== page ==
- Permissible Exposure Limit (PEL)
- Short Term Exposure Limit (STEL)
- Lethal Concentration 50 (LC50)
- Lower Explosion Limit (LEL) or Lower Flammability Limit (LFL)
- Gas sample detection method (diffusion or extractive):
- Diffusion sensor mounting options – (filters, remote sensor, exhaust duct adapter requirements)
- Extractive tubing mounting options – (filters, tubing types, maximum tubing lengths by gas family, exhaust duct adapter requirements, gas sample transport time)
- Sensor / Detection type:
- Chemcassette (paper tape)
- Catalytic bead
- Calibration and calibration frequency
- Cross sensitivities (multiple gas responses within gas families)
- Known Interferences (negative sensor response, sensor poisoning)
- Full measuring range
- Lower Detection Limit
- Lowest Alarm Level
- Sensor drift and span over a time period
- Sensor response time to T90
- Sensor / Transmitter / Instrument – Diagnostic features and capabilities
- Cost and frequency of consumable replacements (sensors, paper tape, etc.)
- Power / Utility – UPS Requirements
- Integration choices (Ethernet/IP, Analog, relays, etc.)
Hazardous Gas Mixtures
It is also necessary to evaluate if binary gas mixtures (where the hazardous component is diluted with a non-hazardous component) remain toxic or flammable.
“Lethal concentration fifty” (LC50): Is the concentration of a substance in air; exposure to which, for a specified length of time is expected to cause the death of 50% of the entire defined experimental animal population. Toxic and highly toxic gases include those gases that have a LC50 of 2,000 parts per million (ppm) or less when rats are exposed for a period of 1 hour or less.
For binary mixtures where the hazardous component is diluted with a nontoxic gas such as an inert gas, the LC50 of the mixture is estimated by use of the methodology contained in CGA P-20. Using CGA P-204 – 2009 “Standard for Classification of Toxic Gas Mixtures” – for determining gas mixture toxicity:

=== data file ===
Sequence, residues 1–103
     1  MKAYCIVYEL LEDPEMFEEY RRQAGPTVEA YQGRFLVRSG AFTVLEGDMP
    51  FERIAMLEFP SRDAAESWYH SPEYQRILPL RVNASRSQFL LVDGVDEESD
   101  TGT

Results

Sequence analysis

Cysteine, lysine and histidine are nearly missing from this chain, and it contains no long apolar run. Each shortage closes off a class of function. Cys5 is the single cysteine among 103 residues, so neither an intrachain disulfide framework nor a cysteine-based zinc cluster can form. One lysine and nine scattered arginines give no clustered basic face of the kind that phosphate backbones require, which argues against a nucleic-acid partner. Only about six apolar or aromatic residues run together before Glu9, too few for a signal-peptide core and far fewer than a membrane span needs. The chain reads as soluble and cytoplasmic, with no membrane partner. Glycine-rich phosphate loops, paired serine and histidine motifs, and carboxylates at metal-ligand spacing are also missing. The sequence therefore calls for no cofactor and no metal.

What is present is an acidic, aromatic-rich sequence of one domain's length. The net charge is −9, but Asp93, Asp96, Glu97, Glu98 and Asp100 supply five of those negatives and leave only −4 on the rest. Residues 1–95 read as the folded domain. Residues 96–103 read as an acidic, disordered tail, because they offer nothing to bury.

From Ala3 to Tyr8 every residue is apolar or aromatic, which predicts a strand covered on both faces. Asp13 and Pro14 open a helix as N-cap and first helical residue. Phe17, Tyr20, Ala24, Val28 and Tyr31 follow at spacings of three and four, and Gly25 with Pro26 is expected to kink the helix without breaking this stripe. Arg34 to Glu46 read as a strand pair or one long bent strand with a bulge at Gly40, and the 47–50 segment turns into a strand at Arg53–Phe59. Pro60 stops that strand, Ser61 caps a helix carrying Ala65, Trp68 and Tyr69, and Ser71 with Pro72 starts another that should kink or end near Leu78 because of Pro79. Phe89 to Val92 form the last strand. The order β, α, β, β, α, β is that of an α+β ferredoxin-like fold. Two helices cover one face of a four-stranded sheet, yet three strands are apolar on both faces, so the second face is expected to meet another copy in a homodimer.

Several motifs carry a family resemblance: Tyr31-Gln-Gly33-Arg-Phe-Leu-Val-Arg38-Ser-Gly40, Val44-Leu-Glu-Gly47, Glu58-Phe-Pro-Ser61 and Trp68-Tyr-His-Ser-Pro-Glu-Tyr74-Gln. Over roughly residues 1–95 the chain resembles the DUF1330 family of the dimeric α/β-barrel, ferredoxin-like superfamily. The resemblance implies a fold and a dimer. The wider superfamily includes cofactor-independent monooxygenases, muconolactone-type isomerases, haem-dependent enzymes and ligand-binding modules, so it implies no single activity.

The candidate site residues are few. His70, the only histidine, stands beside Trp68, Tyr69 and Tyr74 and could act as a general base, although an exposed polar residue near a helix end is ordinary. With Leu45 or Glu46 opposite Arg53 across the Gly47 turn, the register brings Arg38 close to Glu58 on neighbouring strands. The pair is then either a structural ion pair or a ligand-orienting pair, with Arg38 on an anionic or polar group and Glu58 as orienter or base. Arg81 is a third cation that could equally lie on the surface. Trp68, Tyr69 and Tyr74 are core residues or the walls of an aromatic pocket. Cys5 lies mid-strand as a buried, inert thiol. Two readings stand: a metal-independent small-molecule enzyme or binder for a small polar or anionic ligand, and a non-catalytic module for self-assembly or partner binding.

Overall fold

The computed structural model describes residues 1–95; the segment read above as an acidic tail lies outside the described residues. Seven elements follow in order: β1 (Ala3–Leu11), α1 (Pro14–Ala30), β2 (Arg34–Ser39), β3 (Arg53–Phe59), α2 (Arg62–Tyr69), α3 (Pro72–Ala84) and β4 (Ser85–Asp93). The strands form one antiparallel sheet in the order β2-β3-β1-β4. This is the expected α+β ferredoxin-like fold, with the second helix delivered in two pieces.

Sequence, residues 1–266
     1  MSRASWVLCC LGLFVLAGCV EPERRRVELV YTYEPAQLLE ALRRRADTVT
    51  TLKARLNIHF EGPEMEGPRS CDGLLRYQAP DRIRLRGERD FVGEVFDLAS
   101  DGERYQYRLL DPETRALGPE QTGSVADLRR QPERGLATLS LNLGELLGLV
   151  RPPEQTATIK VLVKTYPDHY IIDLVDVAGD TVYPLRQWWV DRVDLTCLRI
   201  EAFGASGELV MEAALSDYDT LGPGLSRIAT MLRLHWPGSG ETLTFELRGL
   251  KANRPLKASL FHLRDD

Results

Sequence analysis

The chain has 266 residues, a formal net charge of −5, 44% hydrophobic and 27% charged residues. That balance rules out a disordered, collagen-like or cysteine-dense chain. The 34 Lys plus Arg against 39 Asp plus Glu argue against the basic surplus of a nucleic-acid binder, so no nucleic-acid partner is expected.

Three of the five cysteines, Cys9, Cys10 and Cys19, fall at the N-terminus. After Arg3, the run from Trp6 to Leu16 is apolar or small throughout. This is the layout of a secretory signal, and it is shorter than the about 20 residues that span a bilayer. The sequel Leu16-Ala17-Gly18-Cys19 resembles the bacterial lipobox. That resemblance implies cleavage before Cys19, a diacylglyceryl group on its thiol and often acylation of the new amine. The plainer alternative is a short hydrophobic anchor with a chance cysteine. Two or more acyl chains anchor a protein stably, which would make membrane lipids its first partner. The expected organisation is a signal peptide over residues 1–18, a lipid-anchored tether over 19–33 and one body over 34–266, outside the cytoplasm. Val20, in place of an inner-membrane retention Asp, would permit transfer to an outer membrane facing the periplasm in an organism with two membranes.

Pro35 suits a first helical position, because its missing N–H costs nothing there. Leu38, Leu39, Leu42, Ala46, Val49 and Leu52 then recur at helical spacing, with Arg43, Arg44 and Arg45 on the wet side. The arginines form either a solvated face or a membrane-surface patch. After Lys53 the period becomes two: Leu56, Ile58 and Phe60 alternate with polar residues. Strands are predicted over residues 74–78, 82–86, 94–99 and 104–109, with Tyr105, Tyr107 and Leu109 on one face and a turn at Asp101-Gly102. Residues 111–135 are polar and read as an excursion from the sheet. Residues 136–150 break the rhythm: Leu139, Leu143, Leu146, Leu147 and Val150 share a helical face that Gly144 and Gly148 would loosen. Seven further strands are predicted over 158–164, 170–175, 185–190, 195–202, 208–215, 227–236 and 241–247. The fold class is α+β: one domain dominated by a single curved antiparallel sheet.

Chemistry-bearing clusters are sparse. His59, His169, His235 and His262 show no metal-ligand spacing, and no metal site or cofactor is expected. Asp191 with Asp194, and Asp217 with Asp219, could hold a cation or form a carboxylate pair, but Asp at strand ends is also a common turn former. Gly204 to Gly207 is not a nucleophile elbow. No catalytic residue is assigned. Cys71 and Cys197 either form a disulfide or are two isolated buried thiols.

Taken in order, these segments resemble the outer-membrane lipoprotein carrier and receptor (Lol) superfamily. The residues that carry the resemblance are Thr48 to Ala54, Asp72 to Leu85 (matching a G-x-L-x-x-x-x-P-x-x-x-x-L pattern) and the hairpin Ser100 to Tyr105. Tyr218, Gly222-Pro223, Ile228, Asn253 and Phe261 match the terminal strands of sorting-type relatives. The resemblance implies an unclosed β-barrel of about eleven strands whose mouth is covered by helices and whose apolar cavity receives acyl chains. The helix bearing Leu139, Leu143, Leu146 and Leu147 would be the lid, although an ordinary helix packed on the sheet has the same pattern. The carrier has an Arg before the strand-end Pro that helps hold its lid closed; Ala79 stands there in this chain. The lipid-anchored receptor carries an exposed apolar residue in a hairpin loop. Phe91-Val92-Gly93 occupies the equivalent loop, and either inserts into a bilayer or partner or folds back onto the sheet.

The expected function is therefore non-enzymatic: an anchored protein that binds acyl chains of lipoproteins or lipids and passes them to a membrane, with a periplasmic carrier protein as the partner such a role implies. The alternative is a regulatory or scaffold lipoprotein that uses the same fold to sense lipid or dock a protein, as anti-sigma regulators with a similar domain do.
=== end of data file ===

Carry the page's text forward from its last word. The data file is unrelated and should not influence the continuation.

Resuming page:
To evaluate the flammability of gas mixtures, CGA P23 – 2015 “Standard for Categorizing Gas Mixtures Containing Flammable and Nonflammable Components” provides a table of the common flammable component concentrations (%) in various nonflammable inert mixture types, along with supporting methods, calculations and examples.
We have tried to provide you in a few pages with a sound foundation based upon some basic fundamental elements when designing a Toxic Gas Monitoring system; with this blog looking at choosing appropriate gas detection technology. We are very passionate about this topic and take a great deal of satisfaction in the work that we do, to help others keep workplaces safe for their employees!
I hope this white paper has helped you to take your first steps towards designing or improving the hazardous gas monitoring system at your facility.
Please contact us if you have any questions or are looking for help on how to design, install, program, commission and maintain a Toxic Gas Monitoring System.
About the Author
John has a B.S. in Chemical Engineering from Penn State and a M.S. in Manufacturing Engineering from RPI. Prior to coming to Hallam-ICS, John had 30 years of experience working in Manufacturing/Process/Facilities Engineering for printed circuit board and semiconductor manufacturing. As a Senior Engineer at Hallam-ICS, John is responsible for the design and specification of Toxic Gas Monitoring Systems. He participates in all project design phases from concept through construction documents.
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Hallam-ICS is an engineering and automation company that designs MEP systems for facilities and plants, engineers control and automation solutions, and ensures safety and regulatory compliance through arc flash studies, commissioning, and validation. Our offices are located in Massachusetts, Connecticut, New York, Vermont and North Carolina and our projects take us world-wide.